Email is far from dead; in fact, the volume of messages exchanged daily, the number of accounts per user, and the number of devices on which email is accessed have been constantly growing. Being able to access email across multiple devices brings numerous benefits such as flexible working practices. However, it can also have negative stressful consequences such as increasing email overload and the blurring of work-home boundaries. Yet, there is still little understanding on work and personal emails using different devices impact work-home boundary management. Therefore, we conducted several studies on email management and retrieval, to understand the implications for boundary management.

We found that personal and work email accounts are managed differently, resulting in diverse retrieval strategies: while work accounts are more structured and thus email is retrieved through folders, personal accounts have fewer folders and users rely primarily on the built-in search option. Moreover, retrieval occurs primarily on laptops and PCs compared to smartphones.

We also conducted an exploratory study that extends the current understanding of email usage by investigating how different professions at a university manage email across work-home boundaries.

Our findings lead us to identify two user groups: those with permeable boundaries (primarily academics) and those who have more rigid ones (primarily professional services employees) and that there are differences in when, where and how they manage their work and personal emails. In particular, we found that some participants use micro-boundary strategies to manage transitions between work and personal life. Micro-boundaries correspond to small moments of friction in the interaction that in this case the user creates to avoid cues to interaction that might not align with one’s values.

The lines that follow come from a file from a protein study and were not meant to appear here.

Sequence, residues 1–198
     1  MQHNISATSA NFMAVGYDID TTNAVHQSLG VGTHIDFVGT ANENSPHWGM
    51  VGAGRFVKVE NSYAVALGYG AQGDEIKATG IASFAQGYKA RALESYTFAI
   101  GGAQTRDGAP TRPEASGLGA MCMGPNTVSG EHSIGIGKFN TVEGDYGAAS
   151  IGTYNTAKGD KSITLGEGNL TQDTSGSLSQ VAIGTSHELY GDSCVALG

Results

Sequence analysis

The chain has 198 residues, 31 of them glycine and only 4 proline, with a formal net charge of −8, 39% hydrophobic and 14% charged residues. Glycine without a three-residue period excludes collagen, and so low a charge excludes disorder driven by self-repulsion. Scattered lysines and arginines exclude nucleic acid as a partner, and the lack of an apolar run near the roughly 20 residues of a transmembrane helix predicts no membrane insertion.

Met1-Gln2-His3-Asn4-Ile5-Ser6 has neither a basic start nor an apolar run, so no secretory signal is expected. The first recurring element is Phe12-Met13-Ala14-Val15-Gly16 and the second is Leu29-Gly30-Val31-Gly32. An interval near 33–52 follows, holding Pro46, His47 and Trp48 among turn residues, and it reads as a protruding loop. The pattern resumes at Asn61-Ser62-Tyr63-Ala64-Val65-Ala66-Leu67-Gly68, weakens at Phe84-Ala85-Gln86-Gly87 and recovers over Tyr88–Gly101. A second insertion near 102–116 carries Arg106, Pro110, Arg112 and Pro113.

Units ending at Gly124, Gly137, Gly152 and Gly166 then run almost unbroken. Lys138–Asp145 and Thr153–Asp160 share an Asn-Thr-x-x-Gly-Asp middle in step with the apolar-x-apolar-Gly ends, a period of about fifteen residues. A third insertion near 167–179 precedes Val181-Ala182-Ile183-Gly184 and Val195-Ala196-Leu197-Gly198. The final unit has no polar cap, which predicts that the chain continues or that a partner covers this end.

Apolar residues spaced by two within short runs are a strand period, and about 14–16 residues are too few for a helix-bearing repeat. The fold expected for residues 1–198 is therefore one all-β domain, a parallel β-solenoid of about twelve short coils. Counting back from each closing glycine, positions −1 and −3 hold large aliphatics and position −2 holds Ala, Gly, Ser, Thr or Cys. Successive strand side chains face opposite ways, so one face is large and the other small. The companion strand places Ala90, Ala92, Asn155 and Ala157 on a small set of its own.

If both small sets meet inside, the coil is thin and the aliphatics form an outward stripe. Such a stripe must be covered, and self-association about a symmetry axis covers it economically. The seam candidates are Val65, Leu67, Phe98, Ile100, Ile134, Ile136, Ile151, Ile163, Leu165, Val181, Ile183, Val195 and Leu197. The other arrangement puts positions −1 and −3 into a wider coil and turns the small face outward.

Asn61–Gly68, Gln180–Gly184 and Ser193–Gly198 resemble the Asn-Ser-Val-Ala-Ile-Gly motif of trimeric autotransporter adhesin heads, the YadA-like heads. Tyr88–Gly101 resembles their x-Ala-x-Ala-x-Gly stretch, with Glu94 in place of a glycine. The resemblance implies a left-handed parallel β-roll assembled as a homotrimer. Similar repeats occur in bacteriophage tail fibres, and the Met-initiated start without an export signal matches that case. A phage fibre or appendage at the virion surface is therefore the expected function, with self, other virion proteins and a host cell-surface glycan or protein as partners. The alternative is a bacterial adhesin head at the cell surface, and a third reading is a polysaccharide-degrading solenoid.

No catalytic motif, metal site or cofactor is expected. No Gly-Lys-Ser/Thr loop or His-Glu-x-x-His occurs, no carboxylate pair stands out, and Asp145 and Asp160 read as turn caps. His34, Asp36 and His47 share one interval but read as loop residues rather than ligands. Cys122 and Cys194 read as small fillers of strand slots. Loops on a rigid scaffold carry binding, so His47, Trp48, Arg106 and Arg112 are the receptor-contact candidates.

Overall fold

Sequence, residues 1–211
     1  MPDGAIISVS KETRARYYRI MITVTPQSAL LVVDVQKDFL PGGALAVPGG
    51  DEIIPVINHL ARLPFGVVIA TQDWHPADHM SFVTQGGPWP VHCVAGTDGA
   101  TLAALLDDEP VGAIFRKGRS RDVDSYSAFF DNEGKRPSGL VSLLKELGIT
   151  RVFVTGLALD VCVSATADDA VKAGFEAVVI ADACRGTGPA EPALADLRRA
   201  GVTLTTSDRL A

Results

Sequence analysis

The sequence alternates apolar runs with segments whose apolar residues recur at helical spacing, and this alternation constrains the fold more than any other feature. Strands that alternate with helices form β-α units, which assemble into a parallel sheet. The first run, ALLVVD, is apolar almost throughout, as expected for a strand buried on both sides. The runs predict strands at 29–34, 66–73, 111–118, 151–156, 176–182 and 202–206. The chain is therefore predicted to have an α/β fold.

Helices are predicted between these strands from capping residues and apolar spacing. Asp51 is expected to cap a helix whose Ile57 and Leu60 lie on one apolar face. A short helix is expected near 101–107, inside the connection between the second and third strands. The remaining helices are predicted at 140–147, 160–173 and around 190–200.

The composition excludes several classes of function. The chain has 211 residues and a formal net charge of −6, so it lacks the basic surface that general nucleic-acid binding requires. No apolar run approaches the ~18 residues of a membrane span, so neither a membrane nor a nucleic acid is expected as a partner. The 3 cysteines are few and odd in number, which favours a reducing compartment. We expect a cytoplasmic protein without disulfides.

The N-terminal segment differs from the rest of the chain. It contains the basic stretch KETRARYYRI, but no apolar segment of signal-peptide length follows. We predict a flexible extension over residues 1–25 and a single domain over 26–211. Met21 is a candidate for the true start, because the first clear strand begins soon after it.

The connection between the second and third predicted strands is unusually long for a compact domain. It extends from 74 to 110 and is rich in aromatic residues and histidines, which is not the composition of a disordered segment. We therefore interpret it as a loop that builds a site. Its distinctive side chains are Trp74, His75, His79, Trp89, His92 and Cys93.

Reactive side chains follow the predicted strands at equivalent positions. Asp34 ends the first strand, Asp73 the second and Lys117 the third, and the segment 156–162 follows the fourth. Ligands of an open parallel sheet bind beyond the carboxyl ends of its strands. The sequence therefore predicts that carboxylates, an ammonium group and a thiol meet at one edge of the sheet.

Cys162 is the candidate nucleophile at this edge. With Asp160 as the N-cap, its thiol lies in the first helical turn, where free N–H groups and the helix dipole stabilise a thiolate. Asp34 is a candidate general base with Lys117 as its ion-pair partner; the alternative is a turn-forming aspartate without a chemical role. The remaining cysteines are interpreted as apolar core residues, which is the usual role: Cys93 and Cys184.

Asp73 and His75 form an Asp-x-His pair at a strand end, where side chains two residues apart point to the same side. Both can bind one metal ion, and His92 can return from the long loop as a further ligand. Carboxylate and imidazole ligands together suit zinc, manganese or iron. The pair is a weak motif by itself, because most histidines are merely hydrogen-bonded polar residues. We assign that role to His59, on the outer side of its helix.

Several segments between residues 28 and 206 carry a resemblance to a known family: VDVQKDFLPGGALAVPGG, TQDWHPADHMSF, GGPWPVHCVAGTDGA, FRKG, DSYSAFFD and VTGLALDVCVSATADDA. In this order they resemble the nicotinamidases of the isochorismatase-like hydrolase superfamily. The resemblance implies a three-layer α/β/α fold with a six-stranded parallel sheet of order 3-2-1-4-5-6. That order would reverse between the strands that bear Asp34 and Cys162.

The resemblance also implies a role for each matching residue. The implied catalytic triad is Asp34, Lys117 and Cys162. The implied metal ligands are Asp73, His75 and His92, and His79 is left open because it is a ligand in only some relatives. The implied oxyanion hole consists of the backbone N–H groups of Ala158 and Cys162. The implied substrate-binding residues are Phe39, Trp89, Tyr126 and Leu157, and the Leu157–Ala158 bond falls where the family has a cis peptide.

Findings have informed a series of design recommendations on to better account for personal and professional differences in managing email boundaries. The short version of these is listed below:

  • Better email integration for work tasks.
  • Learning from other communication tools, such as instant messaging platforms.
  • Designing for short-lived and long-lived content to be stored in emails.
  • Optimising smartphone search.
  • Setting contextual notifications based on locations and account type.
  • Automatically tagging email with device icons based on where they were first opened.
  • Tailoring company email policies to reflect professional group.


Cecchinato, M.E., Sellen, A., Shokouhi, M., & Smyth, G. (2016). Finding email in a multi-device, multi-account world. Proceedings of the SIGCHI Conference on Human Factors in Computing systems. San Jose, CA. ACM.

Cecchinato, M.E., Cox, A. L., & Bird, J. (2015). Working 9-5?: Professional differences in email and boundary management practices. In Proceedings of the 33rd Annual ACM Conference on Human Factors in Computing Systems (pp. 3989-3998). ACM.

Cecchinato, M.E., Fleck, R., Bird, J., & Cox, A. L. (2015). Online vs. Offline: Implications for Work Identity. In CHI 2015 Workshop Between the lines: Reevaluating the Online/Offline Binary.

Cecchinato, M.E. (2014, September). Email management and work-home boundaries. In Proceedings of the 16th international conference on Human-computer interaction with mobile devices & services (pp. 403-404). ACM.

Cecchinato, M.E., Cox, A.L., & Bird, J. (2014, September). “I check my emails on the toilet”: Email Practices and Work-Home Boundary Management. Socio-Technical Systems and Work-Home Boundaries Workshop, ACM MobileHCI, Toronto, Canada.

Cecchinato, M.E., Bird, J., & Cox, A.L. (2014, April) Personalised Email Tools: A Solution to Email Overload? Personalised Behaviour Change Technologies Workshop, ACM CHI, Toronto, Canada.